A new version of Ukraine’s HIV-specific law, adopted by the Ukrainian Parliament in its first hearing on 21 October, promises several positive changes, including removal of the statute mandating disclosure of known HIV-positive status prior to any activity that may risk exposure.
According to a press release from the International AIDS Society, the following changes will be implemented:
- People living with HIV will no longer be barred from entering, staying or seeking residence in Ukraine based solely on HIV positive status;
- NGOs providing HIV treatment, prevention and care services will have the right to apply for state contracts
- People living with HIV will have the right to seek compensation for the unlawful disclosure of their HIV status
- HIV-positive injecting drug users (IDUs) and other IDUs will have the right to receive Opioid Substitution Therapy (OST)
- People living with HIV will be encouraged to disclose information about the risk of HIV transmission, however they will no longer be required by law to disclose their status to partners
WHO Europe notes
The revised law is the result of two years intensive and collaborative work, including the involvement of non-governmental sector, especially All-Ukrainian Network of People living with HIV, the support from the USAID-funded HIV/AIDS Service Capacity Project in Ukraine and the United Nations Team Group on HIV/AIDS. The change would not have been successful without a close collaboration with the Parliamentarian Committee on Public Health and its chair Dr Tatyana Bakhteeva who was very much committed to the issue.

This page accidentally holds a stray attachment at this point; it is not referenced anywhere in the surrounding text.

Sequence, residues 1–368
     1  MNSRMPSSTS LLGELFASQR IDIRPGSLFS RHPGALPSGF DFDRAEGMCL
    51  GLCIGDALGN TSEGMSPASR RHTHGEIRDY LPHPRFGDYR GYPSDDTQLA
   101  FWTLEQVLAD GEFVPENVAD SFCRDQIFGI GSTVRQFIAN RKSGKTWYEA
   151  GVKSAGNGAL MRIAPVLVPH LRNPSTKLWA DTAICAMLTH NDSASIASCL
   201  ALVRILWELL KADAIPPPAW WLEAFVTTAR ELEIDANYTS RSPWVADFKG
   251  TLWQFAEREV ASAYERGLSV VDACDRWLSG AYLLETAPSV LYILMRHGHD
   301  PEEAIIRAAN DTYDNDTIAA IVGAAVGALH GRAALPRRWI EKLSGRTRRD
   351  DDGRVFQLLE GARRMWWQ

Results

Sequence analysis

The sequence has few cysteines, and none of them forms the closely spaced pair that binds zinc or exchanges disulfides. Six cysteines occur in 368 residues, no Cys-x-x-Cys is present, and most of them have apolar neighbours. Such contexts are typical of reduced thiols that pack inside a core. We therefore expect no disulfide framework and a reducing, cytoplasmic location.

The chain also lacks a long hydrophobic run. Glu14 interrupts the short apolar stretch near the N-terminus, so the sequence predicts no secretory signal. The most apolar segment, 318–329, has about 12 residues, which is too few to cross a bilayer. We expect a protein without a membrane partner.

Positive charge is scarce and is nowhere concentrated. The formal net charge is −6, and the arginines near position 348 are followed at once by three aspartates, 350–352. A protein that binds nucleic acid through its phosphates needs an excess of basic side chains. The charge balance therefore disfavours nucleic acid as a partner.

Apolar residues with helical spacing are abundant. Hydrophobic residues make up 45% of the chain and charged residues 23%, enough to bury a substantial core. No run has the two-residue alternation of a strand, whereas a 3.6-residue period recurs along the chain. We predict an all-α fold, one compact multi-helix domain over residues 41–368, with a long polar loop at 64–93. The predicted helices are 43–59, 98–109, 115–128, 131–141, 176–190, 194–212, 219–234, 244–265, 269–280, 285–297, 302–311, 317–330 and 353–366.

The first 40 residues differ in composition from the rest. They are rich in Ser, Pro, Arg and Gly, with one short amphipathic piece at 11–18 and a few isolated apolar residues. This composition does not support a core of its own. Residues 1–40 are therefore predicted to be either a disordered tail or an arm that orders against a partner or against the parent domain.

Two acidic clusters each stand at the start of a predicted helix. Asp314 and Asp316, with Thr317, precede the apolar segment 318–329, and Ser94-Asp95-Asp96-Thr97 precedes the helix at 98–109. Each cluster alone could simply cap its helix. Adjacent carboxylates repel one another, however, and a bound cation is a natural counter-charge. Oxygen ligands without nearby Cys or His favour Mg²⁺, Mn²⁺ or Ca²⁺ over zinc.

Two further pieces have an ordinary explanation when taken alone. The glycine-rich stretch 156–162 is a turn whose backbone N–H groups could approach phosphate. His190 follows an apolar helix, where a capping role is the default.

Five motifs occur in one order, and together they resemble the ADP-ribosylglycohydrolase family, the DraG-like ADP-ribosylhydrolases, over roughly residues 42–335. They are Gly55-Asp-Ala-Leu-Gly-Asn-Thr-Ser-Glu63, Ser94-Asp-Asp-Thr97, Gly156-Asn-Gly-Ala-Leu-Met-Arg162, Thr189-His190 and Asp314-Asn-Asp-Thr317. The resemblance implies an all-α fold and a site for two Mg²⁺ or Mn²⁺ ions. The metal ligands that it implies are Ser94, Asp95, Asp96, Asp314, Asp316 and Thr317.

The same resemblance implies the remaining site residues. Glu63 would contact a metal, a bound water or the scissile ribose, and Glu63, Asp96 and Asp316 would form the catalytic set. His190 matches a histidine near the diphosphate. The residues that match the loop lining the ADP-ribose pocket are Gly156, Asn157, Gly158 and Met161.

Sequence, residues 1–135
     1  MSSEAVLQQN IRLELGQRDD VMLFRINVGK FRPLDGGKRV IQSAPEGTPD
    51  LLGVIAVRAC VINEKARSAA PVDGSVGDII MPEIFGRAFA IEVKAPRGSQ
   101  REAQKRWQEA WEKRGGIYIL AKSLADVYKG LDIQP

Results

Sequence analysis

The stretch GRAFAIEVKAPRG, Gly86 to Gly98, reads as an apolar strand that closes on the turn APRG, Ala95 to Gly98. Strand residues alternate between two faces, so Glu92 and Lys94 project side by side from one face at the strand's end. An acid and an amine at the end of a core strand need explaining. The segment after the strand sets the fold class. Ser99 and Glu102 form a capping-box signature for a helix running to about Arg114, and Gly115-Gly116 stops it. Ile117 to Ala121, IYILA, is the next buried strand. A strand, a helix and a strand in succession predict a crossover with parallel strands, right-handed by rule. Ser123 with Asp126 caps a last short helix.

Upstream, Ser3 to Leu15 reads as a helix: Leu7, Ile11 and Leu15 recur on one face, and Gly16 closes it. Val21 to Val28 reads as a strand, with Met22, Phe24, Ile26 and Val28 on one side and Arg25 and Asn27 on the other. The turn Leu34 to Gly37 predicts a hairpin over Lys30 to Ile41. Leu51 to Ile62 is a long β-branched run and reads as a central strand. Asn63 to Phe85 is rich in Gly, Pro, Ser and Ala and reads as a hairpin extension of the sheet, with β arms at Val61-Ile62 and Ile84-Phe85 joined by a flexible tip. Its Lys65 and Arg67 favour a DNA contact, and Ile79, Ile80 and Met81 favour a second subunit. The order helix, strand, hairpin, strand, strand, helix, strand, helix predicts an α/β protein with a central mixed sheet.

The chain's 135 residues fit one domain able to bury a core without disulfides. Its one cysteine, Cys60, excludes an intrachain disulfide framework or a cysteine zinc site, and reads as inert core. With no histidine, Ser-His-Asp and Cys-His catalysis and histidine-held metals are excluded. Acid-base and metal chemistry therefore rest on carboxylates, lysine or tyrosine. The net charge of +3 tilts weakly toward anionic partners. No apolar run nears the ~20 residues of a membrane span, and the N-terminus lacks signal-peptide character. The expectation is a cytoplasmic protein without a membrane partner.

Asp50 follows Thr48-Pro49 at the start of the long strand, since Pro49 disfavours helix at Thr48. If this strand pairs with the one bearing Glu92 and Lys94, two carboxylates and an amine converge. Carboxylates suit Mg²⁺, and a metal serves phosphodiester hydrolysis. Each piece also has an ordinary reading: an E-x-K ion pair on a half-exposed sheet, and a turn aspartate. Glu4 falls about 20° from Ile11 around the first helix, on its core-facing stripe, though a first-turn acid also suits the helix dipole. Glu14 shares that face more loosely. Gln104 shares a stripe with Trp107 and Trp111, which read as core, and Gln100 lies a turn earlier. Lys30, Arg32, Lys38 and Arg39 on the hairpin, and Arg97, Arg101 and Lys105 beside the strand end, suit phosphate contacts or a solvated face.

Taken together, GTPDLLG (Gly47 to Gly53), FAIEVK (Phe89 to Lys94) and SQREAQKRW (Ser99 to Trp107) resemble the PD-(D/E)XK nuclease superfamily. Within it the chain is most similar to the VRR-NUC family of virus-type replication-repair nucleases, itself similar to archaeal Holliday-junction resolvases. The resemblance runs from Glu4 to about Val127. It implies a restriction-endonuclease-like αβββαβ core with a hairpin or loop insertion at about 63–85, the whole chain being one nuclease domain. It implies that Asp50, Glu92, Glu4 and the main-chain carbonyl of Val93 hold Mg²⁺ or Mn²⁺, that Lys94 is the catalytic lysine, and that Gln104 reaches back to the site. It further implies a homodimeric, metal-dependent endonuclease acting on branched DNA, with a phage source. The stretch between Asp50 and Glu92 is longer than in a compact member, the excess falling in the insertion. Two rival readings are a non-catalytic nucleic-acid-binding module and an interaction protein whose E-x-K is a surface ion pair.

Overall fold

Dr Volodymyr Kurpita, Executive Director of All-Ukrainian Network of People living with HIV told me in an email that since the final version of the revised Prevention of AIDS and Social Protection of Population Act is still awaiting parliamentary approval in the second hearing, the final wording of the law on HIV disclosure is still not known, but “we can highlight it is more progressive and less restrictive as previous one.”
In Ukraine, newly diagnosed individuals must undergo a period of mandatory hospitalisation during which it is expected that they will sign an undertaking to obey this 1998 disclosure law. The reckless or intentional “conscious exposing to danger of infection [HIV exposure], or infection [HIV transmission]” is also subject to prosecution, with a maximum penalty of ten years’ imprisonment. There have been at least six prosecutions and four convictions under these laws.